It is said that on the streets of Rome you may can meet ghosts and mysterious spirits wandering around at night with the full moon.
These unusual “encounters” are are linked to the millenary history of the city itself, where the great shadows of the past, as soon as night and darkness falls, walk undisturbed and return to the places of their past lives.
However, they are not shy: if they meet you in their path, they don’t miss a chance to scare you or shudder you. So be careful when you wander around Rome’s alleys at night!
If you’d like to meet one of these ghosts, here are two places where you could spot them.
Piazza del Popolo and the ghost of Nero
One of the most hated and visionary emperors of Rome, Nero, is said to still wander around one of the busiest squares in Rome: Piazza del Popolo.
According to medieval tales, the emperor was buried in the centre of the square and a walnut tree was planted in his memory. Nero’s bones attracted spirits and demons, who, during the night, frightened the Romans living nearby.
The area was considered damned and, when the scourge became intolerable, the people asked the Pope for help. In 1099, Pope Pasquale II prescribed three days of fasting as a curative measure. He retired to pray in seclusion and, during a vigil, the Virgin appeared to him and suggested the solution: the only way to free the area from the demons was to cut down the walnut tree, dig up Nero, burn the bones and scatter them in the Tiber.
Quick and simple solution: why didn’t they think of it before?
On the third Sunday after the three days of fasting, Pasquale II did what the Virgin suggested, freeing the square forever from demonic spirits. At the request of the people, where the walnut tree had previously stood, a memorial chapel dedicated to Mary was built.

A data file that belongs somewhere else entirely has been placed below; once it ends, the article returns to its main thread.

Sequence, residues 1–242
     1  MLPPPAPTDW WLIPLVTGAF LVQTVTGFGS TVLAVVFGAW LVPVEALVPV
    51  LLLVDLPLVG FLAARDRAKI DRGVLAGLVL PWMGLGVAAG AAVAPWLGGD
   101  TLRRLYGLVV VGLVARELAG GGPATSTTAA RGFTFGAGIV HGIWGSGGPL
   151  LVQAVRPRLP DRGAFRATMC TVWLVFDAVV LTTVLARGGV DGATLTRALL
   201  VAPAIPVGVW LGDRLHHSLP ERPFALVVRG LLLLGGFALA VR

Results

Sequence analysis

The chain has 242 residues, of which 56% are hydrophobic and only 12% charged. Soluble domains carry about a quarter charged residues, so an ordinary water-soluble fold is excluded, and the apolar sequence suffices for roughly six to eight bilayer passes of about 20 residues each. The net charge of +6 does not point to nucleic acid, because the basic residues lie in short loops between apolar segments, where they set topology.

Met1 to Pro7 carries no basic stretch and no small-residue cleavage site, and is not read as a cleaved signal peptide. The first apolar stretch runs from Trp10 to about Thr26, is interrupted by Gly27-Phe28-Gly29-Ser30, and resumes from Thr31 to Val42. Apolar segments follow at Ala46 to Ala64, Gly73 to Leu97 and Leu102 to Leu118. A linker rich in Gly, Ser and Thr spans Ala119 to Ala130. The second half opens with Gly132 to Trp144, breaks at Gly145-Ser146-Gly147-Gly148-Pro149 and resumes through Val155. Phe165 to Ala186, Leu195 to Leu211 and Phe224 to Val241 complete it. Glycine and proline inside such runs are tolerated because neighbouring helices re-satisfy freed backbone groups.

In 1472 Pope Sixtus V replaced it with the present church, which took the name of Santa Maria del Popolo (from the Latin populus = people) in memory of the will of the people who had done their best to have a sanctuary to remember the removal of demons.
But there are those who say they have sighted the ghost of Nero still walking around the square…..
The ghost of Messalina at the Colosseum
We’re in Ancient Rome. Messalina was a young woman, daughter of Marcus Valerius Vessalla Barbatus, Duke of Rome. At just twelve years of age, she was one of the most desirable women. At the whim of the emperor Caligula, at the age of fourteen she was forced to marry her mother’s forty-year-old cousin, Claudius (who will become emperor after the death of Caligula).
Messalina had a restless soul and was always looking for new adventures. She certainly wasn’t a faithful wife, also considering that she had been forced to marry a not very attractive man. In fact, history tells us that Claudius was not a handsome man at all: lame, stammering and drooling (that’s right, it is said that he “spat” quite a bit).
Although Messalina had many reasons on her side, this way of life led her to death at the hands of her husband. Claudius, before killed her, pronounced these words: “If your death be planted by all your lovers, half of Rome will weep!”
The cessation of her heartbeat, however, did not stop Messalina’s desire at all. It is said that at nightfall her ghost wanders between the Colosseum and the Roman Forum always in search of a new adventure.
So men, be careful not to be dazzled!
Rome is full of stories like these, and often they also concern places where we pass almost daily.
If you want to discover other places in Rome populated by legendary ghosts participate to our special event “Mysterious Rome: between magic and esotericism”.
When: Saturday, July 11th at 7 p.m.
Where: Largo Argentina
Duration: 1 hour and 30 min
Price: 10 euro per person
Also suitable for families with children
To book just send an email to: email@example.com or write a message to +39 3398421687
There are only a few places left! Don’t miss an incredible experience guided by an archaeologist on the streets of Rome!0